Oli administration taking decisions keeping respective ministries in the darkAnnouncement in budget to assign private high schools to look after a public school leads to severe criticism.
Three days after Yubraj Khatiwada presented the budget for the upcoming fiscal year, Minister for Education Giriraj Mani Pokharel on Sunday said the announcement of authorising private schools to improve public schools was not his plan.
Issuing a statement, he said his ministry never proposed assigning private schools to improve government schools. Point 166 of the national budget that is under discussion in the federal parliament envisions authorising all private secondary schools to take the responsibility of improving at least one public school.
Aides to Pokharel said they were surprised to find the provision in the budget. While the Education Ministry is seeking the support from better performing private schools and even non-government agencies to improve public education, it is totally against allowing the private sector to intervene in the management of community schools.
“I think this provision was included by the Finance Ministry with the prime minister in the know,” said an aide to Pokharel on condition of anonymity because he was not allowed to talk to the media. The idea was criticised from different quarters including lawmakers from even the ruling party.
Now Khatiwada also has changed his tone. Answering to lawmakers’ queries in the House of Representatives on Monday, he said private schools were ready to support public schools as part of their corporate social responsibility.
“The government cannot think of handing over the management [of public schools] to private schools. It’s just a support under their corporate social responsibility. Should we have told no when they [private schools] are ready to support?” he questioned. He, however, didn’t respond to the concerns of lawmakers regarding the education minister’s statement.
Officials at the Education Ministry said this is not the first time the decisions about education were made without the ministry knowing about it. They said the announcement of Prime Minister KP Sharma Oli on May 25 that there was no possibility of holding the Secondary Education Examination came without their knowledge.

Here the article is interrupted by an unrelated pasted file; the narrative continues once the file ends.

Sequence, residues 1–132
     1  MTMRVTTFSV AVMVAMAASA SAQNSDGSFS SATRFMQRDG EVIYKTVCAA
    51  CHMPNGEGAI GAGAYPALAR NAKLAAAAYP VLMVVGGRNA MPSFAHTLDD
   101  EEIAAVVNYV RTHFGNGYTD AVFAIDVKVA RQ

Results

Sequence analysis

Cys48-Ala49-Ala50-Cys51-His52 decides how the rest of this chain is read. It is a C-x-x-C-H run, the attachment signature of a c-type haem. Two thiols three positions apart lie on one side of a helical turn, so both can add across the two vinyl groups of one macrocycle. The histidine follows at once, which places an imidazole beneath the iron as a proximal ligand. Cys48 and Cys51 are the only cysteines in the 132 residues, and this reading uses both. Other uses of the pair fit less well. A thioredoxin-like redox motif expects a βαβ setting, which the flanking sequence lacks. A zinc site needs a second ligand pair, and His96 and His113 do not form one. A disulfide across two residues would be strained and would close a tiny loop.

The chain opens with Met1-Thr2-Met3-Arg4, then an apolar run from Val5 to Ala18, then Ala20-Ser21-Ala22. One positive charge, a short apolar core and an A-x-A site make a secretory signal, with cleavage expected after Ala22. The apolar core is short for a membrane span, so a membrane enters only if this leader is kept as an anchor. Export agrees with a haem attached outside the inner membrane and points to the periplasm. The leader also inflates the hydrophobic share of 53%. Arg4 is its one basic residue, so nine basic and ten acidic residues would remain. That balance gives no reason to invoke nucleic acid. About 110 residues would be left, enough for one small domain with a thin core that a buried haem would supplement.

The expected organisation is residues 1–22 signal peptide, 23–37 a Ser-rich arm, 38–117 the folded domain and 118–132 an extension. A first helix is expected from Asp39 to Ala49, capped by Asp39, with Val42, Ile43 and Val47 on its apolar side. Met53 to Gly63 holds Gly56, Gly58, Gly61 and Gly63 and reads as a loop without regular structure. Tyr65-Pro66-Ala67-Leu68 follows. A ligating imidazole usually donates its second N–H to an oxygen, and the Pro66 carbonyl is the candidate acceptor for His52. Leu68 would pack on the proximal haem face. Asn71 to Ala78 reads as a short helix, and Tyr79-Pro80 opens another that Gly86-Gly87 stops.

Addressing the nation, Oli had said the delay in holding the tests had put hundreds of thousands of students in a dilemma. The Ministry of Education, Science and Technology would make necessary arrangements so that the SEE students don’t lose their entire academic year.
“The ministry started looking for an alternative only after Oli’s address,” a senior official at the ministry told the Post on condition of anonymity. The prime minister’s office has neglected the education ministry on several occasions.
The High Level National Education Commission, in January last year, presented Oli with the recommendations on reforming the education sector in the changed context. The 500-page report has made several recommendations that include turning private schools into nonprofits by gradually converting them into trusts. However, Oli hasn’t made the report public yet, nor has he authorised the education ministry to implement it.
“There is no doubt that the influence from private schools is responsible for keeping the report secret so far,” Shyam Shrestha, a member of the commission and former lawmaker, told the Post. “The budget wouldn’t have come up with a provision to authorise private schools to manage public schools had the report been implemented.”
Shrestha, who also follows the left politics closely, says as many private school owners come from the former UML camp, they can influence policy-making. He says Oli has a tendency to work on his own, which might have worked in the provision being made in the budget.
Education isn’t the only ministry to have been kept in the dark. A few months ago, Public Procurement Regulations were directly presented by the Prime Minister’s Office in the Cabinet without involving the Law Ministry. A senior official at the ministry said the eight amendment to the regulation never came to them, in violation of the requirement for any law to be approved by the Law Ministry.
The amendment in December last year was to address the demands of contractors. “This is a wrong practice from the prime minister’s office to bulldoze the system,” said the official on condition of anonymity because he was not allowed to talk to the media.